Students returning to Santa Barbara after winter break may find that channel surfing has changed since local cable provider Cox Communications revamped its channel lineup on Dec. 30, 2005.

Cox added five new cable channels and switched the location of at least 12 others, Cox Spokesman David Edelman said. He said the changes were prompted by the creation of Channel 19 – a channel devoted to the City of Goleta that will broadcast Goleta City Council Meetings and other local government programming. Channel 19 is the only channel that will be added to the limited basic cable package, however four additional channels are being added to Cox’s high definition offerings and to the premium package.

The new channels include VH1 Soul on channel 237, MTV Jams on channel 235, a new high definition version of MTV on channel 728 and LOGO – geared towards viewers with alternative lifestyles, including homosexual, bisexual and transgender audiences – on channel 238. Edelman said the additional channels will not cost Cox customers any extra money.

Edelman said customer service representatives from Cox have been calling subscribers to inform them of the lineup changes. The changes to the channel lineup affect stations such as the USA Network, which moved to channel four, and QVC, which moved to channel two. He said he thinks viewers will not have a problem with the changes once their initial confusion wears off.

“Our customers acclimate quickly,” Edelman said. “At some level they understand the move. The first week is frustrating, you know, ‘Where do I find USA?’ But our customers are fine with it.”

Edelman said Cox only changes its channel lineup when it is absolutely necessary.

“We try not to [move channels] often,” Edelman said. “It’s based on the introduction of new technology, franchise requirements and other outside factors that affect the lineup.”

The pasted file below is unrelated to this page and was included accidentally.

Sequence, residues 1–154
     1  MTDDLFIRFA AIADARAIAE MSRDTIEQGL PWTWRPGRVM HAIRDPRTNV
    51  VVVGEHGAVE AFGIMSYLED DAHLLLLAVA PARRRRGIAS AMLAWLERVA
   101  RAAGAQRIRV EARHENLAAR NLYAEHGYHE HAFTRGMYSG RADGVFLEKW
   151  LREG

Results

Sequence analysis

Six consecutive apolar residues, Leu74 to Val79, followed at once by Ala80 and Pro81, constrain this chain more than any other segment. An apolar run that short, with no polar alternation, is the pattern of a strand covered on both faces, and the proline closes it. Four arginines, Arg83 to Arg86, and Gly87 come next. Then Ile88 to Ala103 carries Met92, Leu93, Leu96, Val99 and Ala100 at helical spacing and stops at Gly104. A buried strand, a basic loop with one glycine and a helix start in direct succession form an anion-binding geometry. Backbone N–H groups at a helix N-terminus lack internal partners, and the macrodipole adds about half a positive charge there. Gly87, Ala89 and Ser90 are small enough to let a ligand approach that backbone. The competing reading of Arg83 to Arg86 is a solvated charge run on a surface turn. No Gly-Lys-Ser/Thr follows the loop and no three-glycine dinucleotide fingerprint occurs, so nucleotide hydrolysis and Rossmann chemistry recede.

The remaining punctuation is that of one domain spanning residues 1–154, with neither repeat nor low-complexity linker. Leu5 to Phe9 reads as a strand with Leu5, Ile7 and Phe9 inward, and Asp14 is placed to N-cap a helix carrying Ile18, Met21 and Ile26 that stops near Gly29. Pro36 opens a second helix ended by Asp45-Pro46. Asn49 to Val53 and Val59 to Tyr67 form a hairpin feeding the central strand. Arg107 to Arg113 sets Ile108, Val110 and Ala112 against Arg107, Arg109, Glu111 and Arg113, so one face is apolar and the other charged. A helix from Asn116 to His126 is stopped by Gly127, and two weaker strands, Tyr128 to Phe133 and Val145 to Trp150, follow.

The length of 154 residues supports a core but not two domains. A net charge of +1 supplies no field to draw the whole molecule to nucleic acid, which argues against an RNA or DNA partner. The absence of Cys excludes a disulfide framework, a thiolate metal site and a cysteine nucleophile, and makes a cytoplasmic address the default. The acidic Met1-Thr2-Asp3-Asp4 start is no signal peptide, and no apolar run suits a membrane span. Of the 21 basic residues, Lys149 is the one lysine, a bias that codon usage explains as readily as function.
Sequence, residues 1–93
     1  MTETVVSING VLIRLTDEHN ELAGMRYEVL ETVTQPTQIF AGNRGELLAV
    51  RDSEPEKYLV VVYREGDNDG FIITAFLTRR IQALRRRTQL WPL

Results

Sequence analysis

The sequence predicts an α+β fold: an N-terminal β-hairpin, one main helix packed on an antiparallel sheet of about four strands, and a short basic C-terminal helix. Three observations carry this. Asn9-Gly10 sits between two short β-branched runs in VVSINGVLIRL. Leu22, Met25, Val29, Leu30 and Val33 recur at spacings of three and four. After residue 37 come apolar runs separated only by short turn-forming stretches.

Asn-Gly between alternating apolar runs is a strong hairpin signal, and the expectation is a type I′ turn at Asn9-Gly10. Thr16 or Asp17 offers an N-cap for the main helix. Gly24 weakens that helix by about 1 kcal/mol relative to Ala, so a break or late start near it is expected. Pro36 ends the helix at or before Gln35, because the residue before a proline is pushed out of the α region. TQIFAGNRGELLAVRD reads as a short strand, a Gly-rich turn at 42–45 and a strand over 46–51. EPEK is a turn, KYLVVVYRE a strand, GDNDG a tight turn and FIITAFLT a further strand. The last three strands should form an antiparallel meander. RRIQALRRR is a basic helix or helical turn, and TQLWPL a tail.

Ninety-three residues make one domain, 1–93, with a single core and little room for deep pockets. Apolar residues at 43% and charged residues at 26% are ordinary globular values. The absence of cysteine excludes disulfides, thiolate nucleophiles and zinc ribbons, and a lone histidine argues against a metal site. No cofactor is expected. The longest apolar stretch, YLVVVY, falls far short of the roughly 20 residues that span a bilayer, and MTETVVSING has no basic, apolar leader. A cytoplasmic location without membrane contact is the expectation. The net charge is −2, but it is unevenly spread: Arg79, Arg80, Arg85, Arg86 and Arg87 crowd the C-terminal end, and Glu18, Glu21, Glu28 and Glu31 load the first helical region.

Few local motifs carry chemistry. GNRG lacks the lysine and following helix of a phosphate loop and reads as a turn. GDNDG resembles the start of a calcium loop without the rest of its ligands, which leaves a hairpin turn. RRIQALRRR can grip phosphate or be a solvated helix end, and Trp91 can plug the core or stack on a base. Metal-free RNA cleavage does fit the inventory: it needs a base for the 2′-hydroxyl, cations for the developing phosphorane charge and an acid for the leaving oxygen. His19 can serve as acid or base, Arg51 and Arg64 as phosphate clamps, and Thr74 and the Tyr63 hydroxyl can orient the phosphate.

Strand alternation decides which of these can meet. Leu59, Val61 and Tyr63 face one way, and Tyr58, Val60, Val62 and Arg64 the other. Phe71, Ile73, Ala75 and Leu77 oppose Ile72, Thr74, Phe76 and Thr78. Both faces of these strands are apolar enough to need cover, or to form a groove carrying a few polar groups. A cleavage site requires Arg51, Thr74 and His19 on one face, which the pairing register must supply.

Cox’s long-term goal is to group channels together in various tiers based on their genres. Edelman said he thinks genre-based groupings could simplify the process of finding channels as the number of cable channel options continues to expand.

Constance Penley, director of UCSB’s Center for Film, Television and Media, said changing the location of certain channels could cause ratings to drop, especially for local and educational programming.

“Most viewers catch local programming because they are channel surfing and happen upon it,” Penley said. “If local channels get pushed any higher they won’t be in that channel surfing range anymore. Do we really need home shopping on channel two?”

Penley, who is also on the system advisory board of UCTV – a station that provides educational programming that draws on research done within the UC system – said she wishes local programming had benefited more from the changes in Cox’s lineup. She said she was disappointed that UCTV did not receive a channel in the move.

Santa Barbara Channels Production Director Ray Cicerol said the new Channel 19 will not affect the local public access programming on channels 17 and 21, which the nonprofit Santa Barbara Channels corporation produces.

“There was some talk of moving our channels from where we are now to somewhere else in the lineup, but that move never happened,” Cirerol said. “The move didn’t affect us at all.”